It's me!

Jezen Thomas

Founder of NewBusinessMonitor

Programmer at Zimpler

Erlang Day One

Erlang! What an exciting language. Erlang is the first proper functional language I’m looking at (Scala doesn’t count). In this introduction to the language, the book looks at Erlang’s syntax and its similarities with Prolog. We also look at some more recursion, functions (kind of important in a functional language), and pattern-matching (like you would do in Scala).

  1. Erlang documentation
  2. Count the words in a string
  3. Count to ten
  4. Pattern matching
  5. Thoughts

Erlang documentation

Here comes my best Google-fu.

Count the words in a string

Write a function that uses recursion to return the number of words in a string.

There may be a more elegant solution to this, but I’m quite pleased with what I came up with. I would have had a much harder time thinking of this had I not already spent so much time struggling with Prolog.


words_in_string([]) -> 1;
words_in_string([32|Rest]) -> 1 + words_in_string(Rest);
words_in_string([_|Rest]) -> words_in_string(Rest).

The important thing to remember is that a string is actually a list of integers in Erlang. The magic number 32 is the ASCII code for a space character, so my script starts with 1 and adds 1 for any spaces it finds.

The [_|_] form splits lists into its head and tail, just like in Prolog. We recursively call the function with the gradually diminishing string (which is really a list) to iterate over the whole string.

Count to ten

Write a function that uses recursion to count to ten.

I’m quite happy with my solution to this too. I again use pattern matching to check the input, and the recursion stops on the base case. I added the comparison guard to stop Erlang counting into Infinity if you do something silly like count_to_10_from(11) or count_to_10_from(1.0).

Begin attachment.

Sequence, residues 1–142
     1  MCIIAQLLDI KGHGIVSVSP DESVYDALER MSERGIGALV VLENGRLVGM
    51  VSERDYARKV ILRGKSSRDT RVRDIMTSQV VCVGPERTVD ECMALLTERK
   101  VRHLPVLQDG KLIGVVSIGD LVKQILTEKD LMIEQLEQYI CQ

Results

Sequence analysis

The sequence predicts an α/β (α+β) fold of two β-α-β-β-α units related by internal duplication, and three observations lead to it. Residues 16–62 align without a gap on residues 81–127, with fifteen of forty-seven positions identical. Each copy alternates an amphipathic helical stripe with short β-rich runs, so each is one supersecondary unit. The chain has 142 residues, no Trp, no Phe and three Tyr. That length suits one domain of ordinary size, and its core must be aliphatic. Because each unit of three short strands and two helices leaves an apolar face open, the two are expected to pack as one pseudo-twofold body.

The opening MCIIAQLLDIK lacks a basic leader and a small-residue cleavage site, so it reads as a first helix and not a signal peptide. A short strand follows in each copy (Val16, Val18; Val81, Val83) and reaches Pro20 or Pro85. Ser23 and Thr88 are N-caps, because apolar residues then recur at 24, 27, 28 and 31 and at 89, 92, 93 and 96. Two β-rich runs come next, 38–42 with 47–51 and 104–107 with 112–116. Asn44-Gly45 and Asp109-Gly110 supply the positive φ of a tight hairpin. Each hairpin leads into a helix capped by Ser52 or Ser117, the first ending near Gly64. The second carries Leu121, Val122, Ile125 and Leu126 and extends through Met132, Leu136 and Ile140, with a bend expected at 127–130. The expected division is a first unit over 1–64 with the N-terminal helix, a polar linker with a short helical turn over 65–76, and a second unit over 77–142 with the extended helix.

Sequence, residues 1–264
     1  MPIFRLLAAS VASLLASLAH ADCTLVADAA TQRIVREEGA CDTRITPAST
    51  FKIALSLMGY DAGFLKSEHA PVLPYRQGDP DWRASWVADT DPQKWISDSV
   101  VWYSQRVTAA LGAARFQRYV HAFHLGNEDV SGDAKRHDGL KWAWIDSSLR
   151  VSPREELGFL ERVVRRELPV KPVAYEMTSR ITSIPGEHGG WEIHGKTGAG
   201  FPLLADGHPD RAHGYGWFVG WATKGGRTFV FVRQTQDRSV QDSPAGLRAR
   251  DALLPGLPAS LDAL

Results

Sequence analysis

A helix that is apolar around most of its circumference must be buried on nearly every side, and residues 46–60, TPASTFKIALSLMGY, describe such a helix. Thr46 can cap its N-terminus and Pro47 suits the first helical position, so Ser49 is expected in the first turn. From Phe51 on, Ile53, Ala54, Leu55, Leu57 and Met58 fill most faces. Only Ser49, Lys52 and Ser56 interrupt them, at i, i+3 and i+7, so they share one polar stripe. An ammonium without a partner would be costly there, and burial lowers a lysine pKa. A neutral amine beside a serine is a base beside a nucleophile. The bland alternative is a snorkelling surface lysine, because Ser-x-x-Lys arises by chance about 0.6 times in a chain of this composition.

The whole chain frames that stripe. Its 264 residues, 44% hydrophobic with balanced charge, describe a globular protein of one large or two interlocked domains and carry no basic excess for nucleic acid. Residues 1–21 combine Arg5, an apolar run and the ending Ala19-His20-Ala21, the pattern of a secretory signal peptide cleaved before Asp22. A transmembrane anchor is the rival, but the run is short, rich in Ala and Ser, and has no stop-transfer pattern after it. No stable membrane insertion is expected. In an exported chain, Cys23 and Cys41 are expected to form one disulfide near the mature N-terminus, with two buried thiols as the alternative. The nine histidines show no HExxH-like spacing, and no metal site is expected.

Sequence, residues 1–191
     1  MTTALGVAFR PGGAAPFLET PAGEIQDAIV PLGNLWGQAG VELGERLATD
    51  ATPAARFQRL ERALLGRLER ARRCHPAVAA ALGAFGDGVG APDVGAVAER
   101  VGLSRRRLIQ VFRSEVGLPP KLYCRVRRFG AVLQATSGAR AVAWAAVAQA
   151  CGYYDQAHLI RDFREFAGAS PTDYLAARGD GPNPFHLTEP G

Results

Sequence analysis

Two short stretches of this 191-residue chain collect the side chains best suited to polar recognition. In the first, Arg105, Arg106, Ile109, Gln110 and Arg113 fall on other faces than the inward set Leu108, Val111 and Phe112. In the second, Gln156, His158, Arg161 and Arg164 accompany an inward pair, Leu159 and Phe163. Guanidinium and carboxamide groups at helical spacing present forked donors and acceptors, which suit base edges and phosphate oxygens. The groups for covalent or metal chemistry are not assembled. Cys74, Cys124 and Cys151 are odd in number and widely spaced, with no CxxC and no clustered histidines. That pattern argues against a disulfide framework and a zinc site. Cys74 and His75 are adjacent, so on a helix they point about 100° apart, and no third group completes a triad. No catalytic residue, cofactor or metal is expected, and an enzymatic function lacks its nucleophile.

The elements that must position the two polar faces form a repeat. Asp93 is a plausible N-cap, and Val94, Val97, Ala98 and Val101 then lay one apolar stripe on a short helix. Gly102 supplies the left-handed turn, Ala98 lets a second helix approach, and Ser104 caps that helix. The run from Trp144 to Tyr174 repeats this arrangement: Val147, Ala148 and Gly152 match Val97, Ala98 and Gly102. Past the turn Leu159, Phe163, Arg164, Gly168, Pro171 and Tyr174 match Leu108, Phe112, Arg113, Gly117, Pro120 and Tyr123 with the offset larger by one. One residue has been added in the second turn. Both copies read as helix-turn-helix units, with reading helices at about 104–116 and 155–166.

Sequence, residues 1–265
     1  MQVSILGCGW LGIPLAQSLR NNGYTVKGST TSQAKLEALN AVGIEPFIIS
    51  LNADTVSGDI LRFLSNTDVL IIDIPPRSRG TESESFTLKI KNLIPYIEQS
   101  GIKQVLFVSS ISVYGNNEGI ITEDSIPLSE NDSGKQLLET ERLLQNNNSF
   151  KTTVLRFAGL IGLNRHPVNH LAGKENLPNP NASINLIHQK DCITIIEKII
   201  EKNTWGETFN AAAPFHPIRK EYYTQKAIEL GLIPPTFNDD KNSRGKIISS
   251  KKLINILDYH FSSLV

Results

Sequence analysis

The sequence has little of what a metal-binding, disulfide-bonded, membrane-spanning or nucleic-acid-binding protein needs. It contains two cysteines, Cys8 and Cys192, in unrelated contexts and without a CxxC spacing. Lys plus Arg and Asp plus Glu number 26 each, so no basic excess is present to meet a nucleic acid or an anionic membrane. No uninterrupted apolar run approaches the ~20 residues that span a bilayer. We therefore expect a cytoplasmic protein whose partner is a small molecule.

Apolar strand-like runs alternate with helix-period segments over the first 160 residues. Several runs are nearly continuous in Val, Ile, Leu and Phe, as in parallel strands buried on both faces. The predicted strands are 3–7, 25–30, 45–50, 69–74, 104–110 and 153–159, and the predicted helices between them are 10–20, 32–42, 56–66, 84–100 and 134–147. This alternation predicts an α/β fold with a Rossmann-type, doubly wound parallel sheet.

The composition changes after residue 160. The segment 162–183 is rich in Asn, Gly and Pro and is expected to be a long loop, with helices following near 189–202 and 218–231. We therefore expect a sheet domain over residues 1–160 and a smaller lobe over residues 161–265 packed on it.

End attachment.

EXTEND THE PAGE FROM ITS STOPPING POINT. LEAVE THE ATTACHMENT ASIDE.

count_to_10_from(10) -> 10;
count_to_10_from(N) when N < 10 -> io:write(N), count_to_10_from(N+1).

Pattern matching

Write a function that uses matching to selectively print “success” or “error: message” given input of the form {error, Message} or success.

Pattern matching makes this problem trivial. The success atom prints a static string, and when the tuple is matched, a string is concatenated with the error message. When throwing an error, a literal string will have to be passed in place of the Message variable, otherwise it’d be unbound and Erlang will throw an exception.


print_status(success) -> "success";
print_status({error, Message}) -> string:concat("error: ", Message).

It’s important to note than success and error are atoms (named constants), and Message is a variable. Erlang is just like Prolog in that atoms begin with a lowercase letter, and variables begin with an uppercase letter.


My introduction to Erlang was enjoyable, especially after having such a hard time with Prolog. I’m beginning to find it easier to think about recursion too. I found the three coding challenges suspiciously easily — I’m hoping functional programming just comes naturally, and that it’s not a case of this first chapter being unrealistically simple.